Should Cesc Have Been Sent Off Against Manchester City?

October 26, 2010

It was disappointing to see Cesc Fabregas apparently making the ‘give him a card’ gesture to Mark Clattenburg on Sunday.

Only four minutes into the game against the Mancunian lottery winners Boyata was beaten to the ball by Chamakh, who would have been clean through on goal, but the young central defender lunged in recklessley and brought down our Number 29. It was as bang-on a red card as you’ll ever see for denying a goal scoring opportunity.

I have no doubt that Mark Clattenburg made up his mind immediately to show Boyata a red card. So, in the seconds before the red was produced, to see our captain shaking his hand at the ref in what seemed a card-wielding gesture was a real shame.

As an offence it’s not in the same category as studs-up tackles or flying elbows, but it’s still one of those things you don’t like to see in the game because it shows a lack of respect for the referee. And yes, I know that we in the stands can spend many a happy half hour disrespecting referees, but for the players it’s different.

Some years ago the FA’s refereeing panel deemed the ‘give him a card’ gesture to be an unsporting action that could merit a yellow card at the discretion of the ref.

So… if Cesc had been booked for that gesture – as he might well have been – he would have been off before half time after receiving what would have been a second yellow for a foul on De Jong and who knows how the game might have gone then?

This has certainly been a complaint made by many Citeh supporters and, even if you leave aside the ‘what ifs’ (like, if he had picked up a yellow for the card gesture he might have been more careful about not incurring a second yellow and so would not have fouled De Jong) they may have a point.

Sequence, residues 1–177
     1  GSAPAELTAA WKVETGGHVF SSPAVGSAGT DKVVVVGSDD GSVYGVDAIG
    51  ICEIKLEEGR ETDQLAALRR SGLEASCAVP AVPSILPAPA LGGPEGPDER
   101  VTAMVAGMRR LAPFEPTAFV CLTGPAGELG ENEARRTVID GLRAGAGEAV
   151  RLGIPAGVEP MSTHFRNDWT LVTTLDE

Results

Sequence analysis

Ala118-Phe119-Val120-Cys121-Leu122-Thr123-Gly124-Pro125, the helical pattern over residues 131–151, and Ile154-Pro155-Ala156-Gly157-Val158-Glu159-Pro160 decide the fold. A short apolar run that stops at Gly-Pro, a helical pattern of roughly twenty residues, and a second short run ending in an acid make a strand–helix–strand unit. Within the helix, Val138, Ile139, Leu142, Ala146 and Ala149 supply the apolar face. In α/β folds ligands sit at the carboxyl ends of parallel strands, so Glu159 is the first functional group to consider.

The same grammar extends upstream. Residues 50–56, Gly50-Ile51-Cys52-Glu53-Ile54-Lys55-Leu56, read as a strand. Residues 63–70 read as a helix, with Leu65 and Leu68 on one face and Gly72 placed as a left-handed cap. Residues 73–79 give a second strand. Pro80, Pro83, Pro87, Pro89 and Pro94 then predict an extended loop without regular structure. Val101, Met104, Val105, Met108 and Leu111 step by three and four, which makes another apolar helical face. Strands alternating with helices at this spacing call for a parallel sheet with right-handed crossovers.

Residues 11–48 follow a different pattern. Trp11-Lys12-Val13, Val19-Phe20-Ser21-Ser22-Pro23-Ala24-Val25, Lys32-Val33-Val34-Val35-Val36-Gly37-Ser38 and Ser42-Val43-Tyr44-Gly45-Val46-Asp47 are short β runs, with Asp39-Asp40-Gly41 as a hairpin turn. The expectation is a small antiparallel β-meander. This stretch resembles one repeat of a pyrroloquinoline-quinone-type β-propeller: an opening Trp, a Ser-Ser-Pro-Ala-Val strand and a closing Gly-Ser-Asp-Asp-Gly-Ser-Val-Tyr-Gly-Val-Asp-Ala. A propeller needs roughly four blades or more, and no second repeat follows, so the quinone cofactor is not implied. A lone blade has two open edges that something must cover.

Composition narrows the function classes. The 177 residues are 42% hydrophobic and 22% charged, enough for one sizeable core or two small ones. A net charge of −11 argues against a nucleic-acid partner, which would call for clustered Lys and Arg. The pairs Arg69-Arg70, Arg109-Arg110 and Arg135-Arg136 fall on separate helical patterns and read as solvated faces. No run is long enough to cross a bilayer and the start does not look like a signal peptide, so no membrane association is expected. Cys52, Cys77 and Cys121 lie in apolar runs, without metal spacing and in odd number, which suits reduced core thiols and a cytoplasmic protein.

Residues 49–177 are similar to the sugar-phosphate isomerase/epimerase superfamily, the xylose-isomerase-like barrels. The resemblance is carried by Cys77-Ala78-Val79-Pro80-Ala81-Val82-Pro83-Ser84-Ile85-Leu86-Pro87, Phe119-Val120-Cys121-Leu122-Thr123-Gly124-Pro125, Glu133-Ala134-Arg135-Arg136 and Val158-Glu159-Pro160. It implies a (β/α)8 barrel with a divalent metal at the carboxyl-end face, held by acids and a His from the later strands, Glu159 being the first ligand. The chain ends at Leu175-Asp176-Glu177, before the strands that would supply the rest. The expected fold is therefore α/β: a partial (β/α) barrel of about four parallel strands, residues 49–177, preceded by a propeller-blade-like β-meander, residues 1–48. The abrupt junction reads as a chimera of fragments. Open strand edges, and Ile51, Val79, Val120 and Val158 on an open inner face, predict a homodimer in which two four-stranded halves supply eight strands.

Having looked back on the incident I think Fabregas was lucky that Clattenburg had his back to him when he made the gesture.

“So what?” you might reasonably ask. We deservedly won the game, Cesc didn’t get sent off and worrying about things that didn’t happen is a sure step on the road to madness.

Well, the reason I raise it is that it’s not the first time that our captain has shown what opposition supporters would describe as a ‘nasty side’ to his character.

His rap sheet is not long, but it does have some highlights:

  • Throwing pizza at the purple-faced Gorbalian in the dressing room at Old Toilet.
  • Telling Mark Hughes to shut the f**k up and asking him what he’s ever won.
  • Throttling Tim Cahill at Goodison Park (and earning a red card for his trouble).
  • Allegedly spitting at Michael Ballack during a European game (denied by Fabregas and, later, by the German FA who said Cesc had merely been shouting insults. Spitting vitriol, as opposed to spitting, er, spit).

And most heinous of all…

  • Wearing a puffer jacket onto the pitch at the end of a home game against Hull.

Of the above, I happen to approve of the pizza-throwing, Cahill-throttling, Ballack-barracking and Phil Brown-baiting (all actions that show our Number 4 has bottle and passion).

But I’m less impressed by a player in his early 20s insulting a manager with an outstanding playing record like Mark Hughes. That’s just disrespectful and. To his credit, Cesc later apologized to Hughes for that one.

Making the card-waving gesture in Sunday’s game is a similar sort of offence – not terrible, just unworthy of our captain.

One of the best things about supporting Arsenal is that we know we have the classiest team, manager, supporters and club in Britain.

Compare Arsenal’s honourable and private dealings in the transfer market with those of our rivals.

Compare Arsene Wenger’s intelligence and restraint with the frothing fury of Ferguson or the crass stupidity of Allardyce.

Compare the way we play the beautiful game with the gridiron approach of Chelsea and Man City.